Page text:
In Windows 10, some environment variables actually use percentage signs to refer to paths. For example, the PSModulePath environment variable looks like this (ignore the additional one I marked out):

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and you'll notice that it uses percentage signs to refer to certain directories instead of hard-coded paths. Suppose that I have several environment variables that I want to add, but I would like them to refer to custom directories of my own. For example, if I wanted to add some folder named "Include" located in some custom directory to an environment variable, ideally all I would have to do is add this text to the corresponding environment variable:

%MyCustomDirectoryVariable%\Include

But, of course, there's a problem; I'm not sure if it's even possible to create my own percentage sign variables that can refer to specific directories! Is it possible for me to create my own custom percentage sign variable that the environment variables can properly interpret as a directory? Or if I want to add my own path to an environment variable, must it always be a hard-coded path?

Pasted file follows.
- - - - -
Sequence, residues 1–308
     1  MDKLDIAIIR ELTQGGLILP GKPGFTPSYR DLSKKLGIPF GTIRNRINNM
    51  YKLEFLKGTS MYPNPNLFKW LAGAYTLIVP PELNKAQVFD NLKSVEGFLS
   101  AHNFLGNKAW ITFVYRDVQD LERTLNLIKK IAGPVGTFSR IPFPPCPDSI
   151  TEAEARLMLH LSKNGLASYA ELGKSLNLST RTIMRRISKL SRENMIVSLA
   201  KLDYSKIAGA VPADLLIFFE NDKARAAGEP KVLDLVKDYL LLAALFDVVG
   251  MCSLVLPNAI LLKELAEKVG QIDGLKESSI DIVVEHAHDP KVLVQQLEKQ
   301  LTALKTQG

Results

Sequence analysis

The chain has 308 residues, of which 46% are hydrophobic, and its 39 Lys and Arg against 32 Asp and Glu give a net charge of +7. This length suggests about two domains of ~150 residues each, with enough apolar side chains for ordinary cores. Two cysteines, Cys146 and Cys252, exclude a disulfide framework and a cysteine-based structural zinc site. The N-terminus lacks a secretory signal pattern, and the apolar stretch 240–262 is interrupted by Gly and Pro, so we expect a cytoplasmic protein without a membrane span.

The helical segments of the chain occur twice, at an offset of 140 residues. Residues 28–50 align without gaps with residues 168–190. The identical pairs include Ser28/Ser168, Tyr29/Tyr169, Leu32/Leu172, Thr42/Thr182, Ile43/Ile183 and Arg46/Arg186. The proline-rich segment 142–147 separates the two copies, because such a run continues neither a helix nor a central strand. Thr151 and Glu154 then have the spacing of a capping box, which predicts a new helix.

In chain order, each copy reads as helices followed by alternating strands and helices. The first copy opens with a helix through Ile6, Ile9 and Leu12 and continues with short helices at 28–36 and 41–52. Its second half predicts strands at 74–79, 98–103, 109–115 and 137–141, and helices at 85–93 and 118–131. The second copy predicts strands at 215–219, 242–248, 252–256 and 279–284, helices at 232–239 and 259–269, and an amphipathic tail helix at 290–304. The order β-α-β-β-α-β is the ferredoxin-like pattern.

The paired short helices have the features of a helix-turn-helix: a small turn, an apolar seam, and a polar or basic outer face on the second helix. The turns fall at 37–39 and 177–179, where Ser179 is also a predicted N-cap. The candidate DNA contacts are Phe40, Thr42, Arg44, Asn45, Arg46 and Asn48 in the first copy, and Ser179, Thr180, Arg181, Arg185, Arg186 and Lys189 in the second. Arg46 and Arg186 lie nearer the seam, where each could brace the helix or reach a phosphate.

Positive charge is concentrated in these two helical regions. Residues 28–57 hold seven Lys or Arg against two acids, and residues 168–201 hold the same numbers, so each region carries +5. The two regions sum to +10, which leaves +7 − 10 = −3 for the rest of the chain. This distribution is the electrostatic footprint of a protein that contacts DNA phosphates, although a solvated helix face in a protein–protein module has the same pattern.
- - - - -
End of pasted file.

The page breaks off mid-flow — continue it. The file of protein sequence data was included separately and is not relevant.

• But those "percentage sign variables" are environment variables... – grawity Jul 20 at 5:23
  • When working with the registry directly you have to take care to use the type REG_EXPAND_SZ instead of REG_SZ the GUI environment variable editor does this automatically. If you want to persistently (not just for the current session) set a variable in a batch use setx /? – LotPings Jul 20 at 11:01
  • @LotPings, would you be able to give an example of how to use setx to achieve this? Everything I research just shows it being used to specifically modify the PATH environment variable, not how to create a new percentage sign one. – jippyjoe4 Jul 20 at 18:17

The easiest way is to use the set - command. Just open a commmand prompt and try:

set myvar = c:\sourcecode\include\

After that you can use %myvar% where you need it.

  • That's a very bad idea - you'll have an environment var myvar with a trailing space and the content has also a leading space. To use this variable you'd have to include the space %myvar %. Preferred syntax is `set "myvar=c:\sourcecode\include` but this answer totally misses OPs objective making a vartiable depending on another one. – LotPings Jul 20 at 11:02

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